Environmental Security News This Week
Mineral Resources of the Seafloor: Deep Sea Mining in Marae Moana
Positioned off the coast of the Cook Islands, Marae Moana is one of the largest marine protected areas (MPA) in the world. A relatively new MPA, Marae Moana has had a contentious history. It is critical for ensuring marine biodiversity in the area, but it is also a highly desirable location for deep sea mining (DSM).
While DSM has been contemplated since the 1950s, recent technological advances and decreasing land mineral supplies have spurred a resurgence in DSM as a way to ensure economic security. Although the Cook Islands could gain significant wealth from its seafloor, this activity also poses serious risks. DSM can release toxic minerals, which could devastate fisheries, wildlife, and nearby communities which rely on the ocean for their livelihoods. The recent dismissal of Jacqueline Evans, director of Marae Moana, for her support of a moratorium on DSM, is but one example of increasing tension between these different visions.
To address the lack of international regulations governing DSM, the 1982 Law of the Seas Convention established the International Seabed Authority (ISA), an independent international organization with the authority to review and distribute commercial exploration and mining permits. Until the ISA sets guidelines in 2020, no mining can occur and it remains to be seen if DSM mining will take place in the Cook Islands. Whatever happens, 2020 will be a pivotal year for the future of DSM.
The Climate Crisis Continues to Intensify Droughts in Australia
“Day zero”, when water runs out, is a growing reality for communities in Australia. From New South Wales to Queensland, growing water scarcity threatens their economic security and livelihoods. Some estimates find that 97 percent of New South Wales is suffering from drought conditions. As the lower River Darling dries up, towns are having to increasingly rely on water trucks for their survival.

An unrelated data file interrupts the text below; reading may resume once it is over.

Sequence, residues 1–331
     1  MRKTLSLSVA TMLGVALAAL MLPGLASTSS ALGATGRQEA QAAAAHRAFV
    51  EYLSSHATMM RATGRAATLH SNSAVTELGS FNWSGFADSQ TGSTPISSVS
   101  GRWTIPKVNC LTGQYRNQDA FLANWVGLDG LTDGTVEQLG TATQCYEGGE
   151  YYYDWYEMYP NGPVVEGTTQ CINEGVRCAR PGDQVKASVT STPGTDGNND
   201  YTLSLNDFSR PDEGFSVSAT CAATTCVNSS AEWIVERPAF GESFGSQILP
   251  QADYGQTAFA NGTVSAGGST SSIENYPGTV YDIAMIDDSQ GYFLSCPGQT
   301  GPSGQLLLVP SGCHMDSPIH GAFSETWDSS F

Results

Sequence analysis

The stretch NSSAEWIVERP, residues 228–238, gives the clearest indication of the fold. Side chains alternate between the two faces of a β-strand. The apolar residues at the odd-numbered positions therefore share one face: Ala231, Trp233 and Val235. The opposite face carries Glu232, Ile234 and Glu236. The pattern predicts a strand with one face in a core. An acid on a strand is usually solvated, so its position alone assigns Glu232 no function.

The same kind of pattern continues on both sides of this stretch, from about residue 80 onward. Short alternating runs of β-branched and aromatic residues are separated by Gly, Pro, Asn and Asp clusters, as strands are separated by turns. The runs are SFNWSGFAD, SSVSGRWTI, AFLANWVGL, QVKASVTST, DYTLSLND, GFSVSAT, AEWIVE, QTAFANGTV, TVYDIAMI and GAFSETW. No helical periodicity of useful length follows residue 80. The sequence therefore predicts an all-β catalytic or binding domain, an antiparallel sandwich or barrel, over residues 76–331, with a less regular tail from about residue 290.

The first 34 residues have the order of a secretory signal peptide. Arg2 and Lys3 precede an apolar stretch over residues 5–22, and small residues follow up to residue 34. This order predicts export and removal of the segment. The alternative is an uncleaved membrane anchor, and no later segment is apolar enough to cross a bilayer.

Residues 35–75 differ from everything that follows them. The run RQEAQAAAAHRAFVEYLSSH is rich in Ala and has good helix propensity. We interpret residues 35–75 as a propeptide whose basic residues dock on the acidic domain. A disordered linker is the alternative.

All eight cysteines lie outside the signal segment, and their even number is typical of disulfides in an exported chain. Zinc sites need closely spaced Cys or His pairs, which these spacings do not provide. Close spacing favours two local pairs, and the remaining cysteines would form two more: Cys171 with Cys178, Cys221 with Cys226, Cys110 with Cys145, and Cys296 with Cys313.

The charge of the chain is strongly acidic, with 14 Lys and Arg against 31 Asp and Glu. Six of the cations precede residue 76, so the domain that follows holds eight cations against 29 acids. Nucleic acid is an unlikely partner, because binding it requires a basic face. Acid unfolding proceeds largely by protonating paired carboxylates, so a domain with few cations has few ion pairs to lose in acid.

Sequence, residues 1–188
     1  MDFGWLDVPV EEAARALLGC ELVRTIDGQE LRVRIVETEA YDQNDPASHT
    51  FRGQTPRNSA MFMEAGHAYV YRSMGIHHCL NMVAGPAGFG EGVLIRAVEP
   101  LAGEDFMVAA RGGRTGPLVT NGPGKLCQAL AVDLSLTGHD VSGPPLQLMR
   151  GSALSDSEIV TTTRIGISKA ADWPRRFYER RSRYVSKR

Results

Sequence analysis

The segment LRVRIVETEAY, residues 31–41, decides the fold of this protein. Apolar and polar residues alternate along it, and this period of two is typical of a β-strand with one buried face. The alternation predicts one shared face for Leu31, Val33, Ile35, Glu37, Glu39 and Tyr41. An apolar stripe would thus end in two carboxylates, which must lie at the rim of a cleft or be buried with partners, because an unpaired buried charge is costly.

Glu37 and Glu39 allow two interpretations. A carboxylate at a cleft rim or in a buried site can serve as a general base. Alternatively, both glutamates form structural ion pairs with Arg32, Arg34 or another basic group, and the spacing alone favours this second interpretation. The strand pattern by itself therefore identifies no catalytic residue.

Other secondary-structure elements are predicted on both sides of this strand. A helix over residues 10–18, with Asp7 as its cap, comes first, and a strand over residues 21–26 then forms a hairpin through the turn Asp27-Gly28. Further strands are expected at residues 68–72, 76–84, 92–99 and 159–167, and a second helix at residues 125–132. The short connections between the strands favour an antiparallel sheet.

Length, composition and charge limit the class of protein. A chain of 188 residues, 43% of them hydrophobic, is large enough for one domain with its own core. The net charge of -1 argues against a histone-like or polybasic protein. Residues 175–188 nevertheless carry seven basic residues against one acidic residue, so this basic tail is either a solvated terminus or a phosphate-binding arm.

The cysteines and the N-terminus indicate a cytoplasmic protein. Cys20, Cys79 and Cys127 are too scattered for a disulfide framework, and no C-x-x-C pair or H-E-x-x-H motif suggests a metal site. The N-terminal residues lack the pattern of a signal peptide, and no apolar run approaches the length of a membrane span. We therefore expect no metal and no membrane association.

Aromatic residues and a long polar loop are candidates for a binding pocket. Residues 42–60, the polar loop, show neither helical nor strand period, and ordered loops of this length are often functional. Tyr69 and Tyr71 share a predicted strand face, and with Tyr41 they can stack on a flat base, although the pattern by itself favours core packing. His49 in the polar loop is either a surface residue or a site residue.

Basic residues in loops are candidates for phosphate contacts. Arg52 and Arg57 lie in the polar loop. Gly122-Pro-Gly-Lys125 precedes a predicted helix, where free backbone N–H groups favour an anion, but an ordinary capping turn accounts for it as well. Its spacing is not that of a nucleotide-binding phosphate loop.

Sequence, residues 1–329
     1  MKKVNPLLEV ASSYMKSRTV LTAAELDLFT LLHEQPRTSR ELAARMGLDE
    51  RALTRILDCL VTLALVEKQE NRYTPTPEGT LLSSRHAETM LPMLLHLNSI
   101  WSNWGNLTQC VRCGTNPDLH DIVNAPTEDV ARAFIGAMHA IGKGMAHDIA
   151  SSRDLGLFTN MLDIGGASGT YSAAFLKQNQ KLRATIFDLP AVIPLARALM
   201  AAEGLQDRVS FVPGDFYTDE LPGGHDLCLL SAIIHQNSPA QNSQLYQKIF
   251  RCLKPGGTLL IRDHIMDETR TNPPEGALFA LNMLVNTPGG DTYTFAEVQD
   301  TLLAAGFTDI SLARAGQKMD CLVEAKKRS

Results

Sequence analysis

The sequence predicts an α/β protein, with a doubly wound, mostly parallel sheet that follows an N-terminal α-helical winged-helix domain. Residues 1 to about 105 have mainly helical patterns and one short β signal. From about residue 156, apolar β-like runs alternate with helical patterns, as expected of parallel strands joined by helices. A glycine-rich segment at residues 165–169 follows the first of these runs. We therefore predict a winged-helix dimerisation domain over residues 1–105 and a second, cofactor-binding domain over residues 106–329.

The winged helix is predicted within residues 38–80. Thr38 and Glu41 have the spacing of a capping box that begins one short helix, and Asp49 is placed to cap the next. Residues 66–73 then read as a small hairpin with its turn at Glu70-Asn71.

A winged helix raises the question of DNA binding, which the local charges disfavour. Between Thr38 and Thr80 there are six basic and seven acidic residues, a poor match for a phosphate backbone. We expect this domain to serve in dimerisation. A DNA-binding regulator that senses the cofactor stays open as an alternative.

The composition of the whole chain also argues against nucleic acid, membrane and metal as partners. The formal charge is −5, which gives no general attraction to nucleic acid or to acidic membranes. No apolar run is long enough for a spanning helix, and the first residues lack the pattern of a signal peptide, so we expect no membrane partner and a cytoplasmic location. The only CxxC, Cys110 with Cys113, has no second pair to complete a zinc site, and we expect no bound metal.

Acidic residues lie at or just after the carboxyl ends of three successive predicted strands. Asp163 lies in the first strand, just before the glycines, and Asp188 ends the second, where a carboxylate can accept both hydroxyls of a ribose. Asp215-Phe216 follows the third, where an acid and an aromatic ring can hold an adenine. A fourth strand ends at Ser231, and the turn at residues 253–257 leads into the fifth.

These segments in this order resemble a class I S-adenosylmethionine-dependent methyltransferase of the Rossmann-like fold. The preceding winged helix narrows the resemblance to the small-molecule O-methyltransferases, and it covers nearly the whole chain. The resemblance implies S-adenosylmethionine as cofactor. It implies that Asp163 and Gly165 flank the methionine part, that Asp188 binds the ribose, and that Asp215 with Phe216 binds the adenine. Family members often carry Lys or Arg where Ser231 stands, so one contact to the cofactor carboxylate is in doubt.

Significant decreases in rainfall, in part caused by climate change, is further limiting Australia’s ability to recover from previous droughts, making future droughts more severe. In addition, rising temperatures are combining with water scarcity to reduce wheat yields across Australia. In the short term, drought conditions threaten food production and access to clean water, decimating rural communities which rely on farming for their livelihoods. In the long term, reductions in wheat yield opens up opportunities for other countries to take over Australia’s market shares, weakening its position as a major wheat exporter.
Although it is impossible to completely prevent droughts, policy steps can be taken to build capacity and to improve Australia’s resilience to such events in the future. Reduced emphasis on damming, which leads to increased water evaporation, as well as improving sustainable irrigation can both help to alleviate water stress. In any event, Australia must prepare for a more water scarce future.